What is the harmonious view that reconciles these seemingly contradictory verses?

1John 5:3 In fact, this is love for God: to keep his commands. And his commands are not burdensome.

Mathew 5:29 If your right eye causes you to stumble, gouge it out and throw it away. It is better for you to lose one part of your body than for your whole body to be thrown into hell.

1 John 5:3 teaches us that if we love God we have to obey his commandments and goes on to say that his commands are not burdensome. However Mathew 5:29 seems to be a burdensome commandment.

Edit: Specifically what is the Catholic view on this.

  • From whose perspective? This is a truth question that will likely be closed if not directed to a specific denomination.
    – JBH
    Commented May 27, 2018 at 0:53
  • You first need to address the question 'Why did Jesus suggest losing one eye and not both eyes ?' If seeing something causes me to stumble why do I not tear out both eyes, rather than keep seeing it with one eye ?
    – Nigel J
    Commented May 27, 2018 at 11:30

4 Answers 4


Well, it would indeed be burdensome if it was taken in a way not intended by the words, namely, literally. Jesus uses hyperbole a lot in His teaching, so that it would be very memorable to his disciples, who were chosen to convey His teaching to the nations—and even to their audience.

The meaning of 'cut off rather than' is a hyperbolic way of teaching us to avoid occasions of sin. If [x] causes you to sin, and sin leads to death, avoid x. More than anything else, it's common sense crystalized in a hyperbolic littel packet which is easy to remember and hard to forget.

The question assumes that Christians have no more help for overcoming sin than unbelievers, which is not true: they have the Spirit of God in them. And "if by the Spirit you put to death the deeds of the flesh, you shall live." (Rom 8:13)—St. Paul's version of the same teaching.

John 15:5 (DRB)

I am the vine; you the branches: he that abideth in me, and I in him, the same beareth much fruit: for without me you can do nothing.

Something could also be said of the difference between the Law of the letter, and the Law of grace, the latter of which doesn't change the moral requirements, but involves as a constituional part of the Covenant, the grace won for us on the Cross, of which we are made beneficiaries when we confess to God our sins: that is, mercy.

John 1:17(DRB) For the law was given by Moses; grace and truth came by Jesus Christ.


St. Thomas Aquinas's commentary on St. Matthew 5 says:

And if thy right eye scandalize thee. Here the Lord shows how this precept [not to "look on a woman to lust after her" (Mt. 5:28)] can be easily observed, namely as follows: by avoiding occasions of sin.

Placing oneself in occasions of sin is a sin, and this unnecessarily burdens oneself.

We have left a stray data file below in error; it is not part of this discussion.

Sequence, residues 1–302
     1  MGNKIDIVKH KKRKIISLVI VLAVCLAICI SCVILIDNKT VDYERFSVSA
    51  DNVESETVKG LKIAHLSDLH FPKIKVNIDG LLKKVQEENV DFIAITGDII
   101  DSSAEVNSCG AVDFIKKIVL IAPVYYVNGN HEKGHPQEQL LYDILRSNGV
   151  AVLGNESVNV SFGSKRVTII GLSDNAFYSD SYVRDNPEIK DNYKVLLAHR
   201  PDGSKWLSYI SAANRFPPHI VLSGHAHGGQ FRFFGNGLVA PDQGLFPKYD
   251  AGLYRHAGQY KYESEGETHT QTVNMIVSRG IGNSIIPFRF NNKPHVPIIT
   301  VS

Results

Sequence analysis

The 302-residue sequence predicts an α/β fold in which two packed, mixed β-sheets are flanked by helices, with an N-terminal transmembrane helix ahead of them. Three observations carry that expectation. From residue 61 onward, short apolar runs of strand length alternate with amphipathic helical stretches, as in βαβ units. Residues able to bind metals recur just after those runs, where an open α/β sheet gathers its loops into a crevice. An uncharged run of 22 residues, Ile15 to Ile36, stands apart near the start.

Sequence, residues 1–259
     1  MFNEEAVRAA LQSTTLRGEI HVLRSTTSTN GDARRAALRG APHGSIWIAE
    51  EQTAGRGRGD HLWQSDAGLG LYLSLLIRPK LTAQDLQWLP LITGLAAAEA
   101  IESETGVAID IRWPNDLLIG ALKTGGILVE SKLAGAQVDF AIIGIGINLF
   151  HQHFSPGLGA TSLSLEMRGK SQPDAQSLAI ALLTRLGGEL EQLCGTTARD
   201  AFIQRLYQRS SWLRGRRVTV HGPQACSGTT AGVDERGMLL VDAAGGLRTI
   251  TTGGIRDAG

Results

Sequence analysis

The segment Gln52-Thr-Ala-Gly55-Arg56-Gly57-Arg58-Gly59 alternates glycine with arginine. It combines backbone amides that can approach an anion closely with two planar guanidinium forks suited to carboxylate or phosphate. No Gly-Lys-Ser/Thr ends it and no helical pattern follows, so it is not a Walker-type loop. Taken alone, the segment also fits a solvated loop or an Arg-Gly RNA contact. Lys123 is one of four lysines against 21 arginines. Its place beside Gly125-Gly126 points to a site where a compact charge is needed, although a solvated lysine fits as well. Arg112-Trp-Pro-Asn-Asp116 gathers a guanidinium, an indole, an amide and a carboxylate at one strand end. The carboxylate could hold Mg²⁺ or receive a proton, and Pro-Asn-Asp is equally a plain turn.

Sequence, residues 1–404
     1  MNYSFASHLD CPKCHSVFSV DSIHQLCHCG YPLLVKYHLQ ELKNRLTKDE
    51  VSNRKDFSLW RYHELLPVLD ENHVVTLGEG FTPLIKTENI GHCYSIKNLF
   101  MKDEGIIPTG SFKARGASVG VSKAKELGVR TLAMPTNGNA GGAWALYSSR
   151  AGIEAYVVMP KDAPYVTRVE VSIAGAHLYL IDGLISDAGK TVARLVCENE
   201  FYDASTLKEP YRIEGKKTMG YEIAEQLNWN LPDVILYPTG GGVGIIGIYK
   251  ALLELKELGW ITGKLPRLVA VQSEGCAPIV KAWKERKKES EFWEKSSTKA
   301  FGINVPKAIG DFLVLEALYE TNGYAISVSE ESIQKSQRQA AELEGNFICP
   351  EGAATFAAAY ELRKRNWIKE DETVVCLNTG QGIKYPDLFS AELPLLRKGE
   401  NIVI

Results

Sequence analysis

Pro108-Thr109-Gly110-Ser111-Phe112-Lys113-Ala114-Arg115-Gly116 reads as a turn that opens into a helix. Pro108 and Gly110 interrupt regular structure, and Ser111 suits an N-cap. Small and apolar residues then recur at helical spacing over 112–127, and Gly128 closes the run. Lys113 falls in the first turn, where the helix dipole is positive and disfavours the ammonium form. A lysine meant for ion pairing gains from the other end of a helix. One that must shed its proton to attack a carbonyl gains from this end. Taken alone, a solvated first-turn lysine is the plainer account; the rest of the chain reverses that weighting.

Christ was always elevating the old testament law. Remember when he said if you look at another woman in lust you've already committed adultery, or that if you hate a man you've already committed murder. Remember the rich man that kept the commands since his childhood but went away sad because Christ said he had one thing left to do, to sell all that he had and give to the poor?

All of these examples and many more (including plucking out your eye Mathew 5:29) appear very harsh which is why the disciples responded, "Who then can be saved". Christ responded that with man it's impossible but with God all things are possible. So with the power of the Holy Spirit in our lives even though the law is elevated (or fulfilled) and revealed to us more clearly, we have a greater power in us that allows us to overcome the world. We take on the yoke of Christ and he bears the greater burden and our burden is light (which fits with 1John5:3).


Much of the apparent contradiction/paradox appears to result from careless renderings of the Greek text for 1 Jn 5:3, particularly the verbs and prepositions. A stricter, more careful rendering would read more like. "Because this, the agape-love of-the God is-being/existing, in-order-that we-might-be-guarding/watching-over the commandments of-Him, and they-are-not-being heavy/burdensome."(in which hyphens have been used to render the meaning of complex Greek words and forward-slashes have been used to indicate alternative meanings). The phrase "of-the God" results from the words, "the God" having Greek-genitive spellings, meaning that God is the source/generator/dispenser of this agape-love (a noun here, not a verb). The complex Greek preposition, here rendered "in-order-that" reveals a (dual) purpose/function of this agape-love, namely that 1) we might be guarding/watching-over His commandments, and 2) they are not being burdensome. The Greek verb usually rendered, "keep" is more properly rendered "guard/watch-over"(something valuable), as a shepherd would "keep watch-over" his sheep... from getting lost, hurt, sick, or too tired, hungry or thirsty. Moreover, the spelling of this Greek verb indicates it to be present-active-subjunctive, thus, more properly rendered as, "might-be-guarding/watching-over". Accordingly, the agape-love that originates from God, allows,enables,even facilitates the preservation of His commandments and "keeps" them from being burdensome. Indeed, we are elsewhere informed that agape-love is the fulfillment of the law (Rom 13:10).

Regarding, Mt 5:29, I can't think of any improvements to the excellent comments above, regarding Christ's use of hyperbole as a teaching tool, to emphasize the importance of maintaining eternal priorities.

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